13th of July

St Analectus, martyr, 2d century. St Eugenius, bishop of Cartage, and his companions, martyrs, 505. St Turiaf, Turiave or Thivisiau, bishop of Dol, in Brittany, about 749.


Born. – Regnier de Graaf, 1641, Schoenhaven, in Holland
Died. – Pope John III., 573; Emperor Henry II., 1024; Du Guesclin, constable of France, illustrious warrior, 1380, Châteauneuf-Randon; Jean Paul Marat, French Revolutionary leader and writer, 1793, Paris.



If a grave is open on Sunday, there will be another dug in the week. 

This I believe to be a very narrowly limited superstition, as Sunday is generally a favourite day for funerals among the poor. I have, however, met with it in one parish, where Sunday funerals are the exception, and I recollect one instance in particular. A woman coming down from church, and observing an open grave, remarked: ‘Ah, there will be somebody else wanting a grave before the week is out!’ Strangely enough (the population of the place was then under a thousand), her words came true, and the grave was dug for her

If a corpse does not stiffen after death, or if the rigor mortis disappears before burial, it is a sign that there will be a death in the family before the end of the year. 

In the case if a child of my own, every joint of the corpse was as flexible as in life. I was perplexed at this, thinking that perhaps the little fellow might, after all, be in a trance. While I was considering the matter, I perceived a bystander looking very grave, and evidently having something on her mind. On asking her what she wished to say, I received for answer that, though she did not put any faith in it herself, yet people did say that such a thing was the sign of another death in the family within the twelvemonth. 

If every remnant of Christmas decoration is not cleared out of church before Candlemas-day (the Purification, February 2), there will be a death that year in the family occupying the pew where a leaf or berry is left.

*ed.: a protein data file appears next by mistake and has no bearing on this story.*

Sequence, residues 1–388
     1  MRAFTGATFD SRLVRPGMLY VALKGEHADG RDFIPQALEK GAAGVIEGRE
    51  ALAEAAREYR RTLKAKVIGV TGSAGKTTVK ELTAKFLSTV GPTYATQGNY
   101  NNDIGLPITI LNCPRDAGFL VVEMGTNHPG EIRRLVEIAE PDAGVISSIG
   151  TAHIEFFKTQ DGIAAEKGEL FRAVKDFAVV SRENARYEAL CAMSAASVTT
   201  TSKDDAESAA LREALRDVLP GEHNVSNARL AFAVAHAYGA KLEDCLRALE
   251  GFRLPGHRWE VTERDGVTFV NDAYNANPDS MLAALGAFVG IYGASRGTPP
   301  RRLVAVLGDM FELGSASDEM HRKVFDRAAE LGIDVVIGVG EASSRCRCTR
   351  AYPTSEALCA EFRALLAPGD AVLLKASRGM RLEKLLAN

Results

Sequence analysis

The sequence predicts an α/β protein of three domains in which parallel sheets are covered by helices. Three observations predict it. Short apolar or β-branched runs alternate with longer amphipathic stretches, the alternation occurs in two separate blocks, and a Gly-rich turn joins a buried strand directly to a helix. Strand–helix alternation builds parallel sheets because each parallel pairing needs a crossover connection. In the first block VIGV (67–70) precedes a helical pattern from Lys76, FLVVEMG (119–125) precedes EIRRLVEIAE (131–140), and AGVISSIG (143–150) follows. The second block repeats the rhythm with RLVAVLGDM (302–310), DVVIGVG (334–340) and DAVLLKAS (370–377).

An old lady (now dead) whom I knew, was so persuaded of the truth of this superstition, that she would not be contented to leave the clearing of her pew to the constituted authorities, but used to send her servant on Candlemas-eve to see that her own seat at anyrate was thoroughly freed from danger. 

Fires and candles also afford presages of death. Coffins flying out of the former, and winding-sheets guttering down from the latter. A winding-sheet is produced from a candle, if, after it has guttered, the strip, which has run down, instead of being absorbed into the general tallow, remains unmelted: if, under these circumstances, it curls over away from the flame, it is a presage of death to the person in whose direction it points. 

Coffins out of the fire are hollow oblong cinders spirted from it, and are a sign of a coming death in the family. I have seen cinders, which have flown out of the fire, picked up and examined to see what they presaged; for coffins are not the only things that are thus produced. If the cinder, instead of being oblong, is oval, it is a cradle, and predicts the advent of a baby; while, if it is round, it is a purse, and means prosperity. 

The howling of a dog at night under the window of a sick-room, is looked upon as a warning of death’s being near. 

Perhaps there may be some truth in this notion. Everybody knows the peculiar odour which frequently precedes death, and it is possible that the acute nose of the dog may perceive this, and that it may render him uneasy: but the same can hardly be alleged in favour of this notion, that the screech of an owl flying past signifies the same, for, if the owl did scent death, and was in hopes of prey, it is not unlikely that it would screech, and so give notice of its presence. 

   Suffolk.                                                                                                                                   C. W. J. 


On this Day in Other Sources.